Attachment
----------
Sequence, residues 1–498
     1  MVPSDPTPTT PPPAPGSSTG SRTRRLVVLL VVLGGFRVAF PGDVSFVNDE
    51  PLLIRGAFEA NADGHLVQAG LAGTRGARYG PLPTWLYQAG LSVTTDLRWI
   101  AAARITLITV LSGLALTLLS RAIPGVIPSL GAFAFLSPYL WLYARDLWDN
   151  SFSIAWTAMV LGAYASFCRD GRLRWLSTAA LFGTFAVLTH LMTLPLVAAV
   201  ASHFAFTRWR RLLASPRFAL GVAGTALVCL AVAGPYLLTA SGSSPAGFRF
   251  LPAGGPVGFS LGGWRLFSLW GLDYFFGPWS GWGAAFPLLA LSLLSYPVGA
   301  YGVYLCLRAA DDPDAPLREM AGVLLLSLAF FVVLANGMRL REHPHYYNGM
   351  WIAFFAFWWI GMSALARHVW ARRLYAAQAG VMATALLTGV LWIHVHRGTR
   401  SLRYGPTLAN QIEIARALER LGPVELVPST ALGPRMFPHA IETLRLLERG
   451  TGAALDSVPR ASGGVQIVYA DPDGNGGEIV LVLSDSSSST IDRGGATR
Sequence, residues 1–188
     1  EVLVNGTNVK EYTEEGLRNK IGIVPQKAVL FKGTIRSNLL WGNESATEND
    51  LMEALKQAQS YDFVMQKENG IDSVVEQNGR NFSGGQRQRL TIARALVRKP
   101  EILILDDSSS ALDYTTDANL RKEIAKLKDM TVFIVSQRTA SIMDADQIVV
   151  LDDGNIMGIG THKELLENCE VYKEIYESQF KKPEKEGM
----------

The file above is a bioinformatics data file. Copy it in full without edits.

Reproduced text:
Sequence, residues 1–498
     1  MVPSDPTPTT PPPAPGSSTG SRTRRLVVLL VVLGGFRVAF PGDVSFVNDE
    51  PLLIRGAFEA NADGHLVQAG LAGTRGARYG PLPTWLYQAG LSVTTDLRWI
   101  AAARITLITV LSGLALTLLS RAIPGVIPSL GAFAFLSPYL WLYARDLWDN
   151  SFSIAWTAMV LGAYASFCRD GRLRWLSTAA LFGTFAVLTH LMTLPLVAAV
   201  ASHFAFTRWR RLLASPRFAL GVAGTALVCL AVAGPYLLTA SGSSPAGFRF
   251  LPAGGPVGFS LGGWRLFSLW GLDYFFGPWS GWGAAFPLLA LSLLSYPVGA
   301  YGVYLCLRAA DDPDAPLREM AGVLLLSLAF FVVLANGMRL REHPHYYNGM
   351  WIAFFAFWWI GMSALARHVW ARRLYAAQAG VMATALLTGV LWIHVHRGTR
   401  SLRYGPTLAN QIEIARALER LGPVELVPST ALGPRMFPHA IETLRLLERG
   451  TGAALDSVPR ASGGVQIVYA DPDGNGGEIV LVLSDSSSST IDRGGATR
Sequence, residues 1–188
     1  EVLVNGTNVK EYTEEGLRNK IGIVPQKAVL FKGTIRSNLL WGNESATEND
    51  LMEALKQAQS YDFVMQKENG IDSVVEQNGR NFSGGQRQRL TIARALVRKP
   101  EILILDDSSS ALDYTTDANL RKEIAKLKDM TVFIVSQRTA SIMDADQIVV
   151  LDDGNIMGIG THKELLENCE VYKEIYESQF KKPEKEGM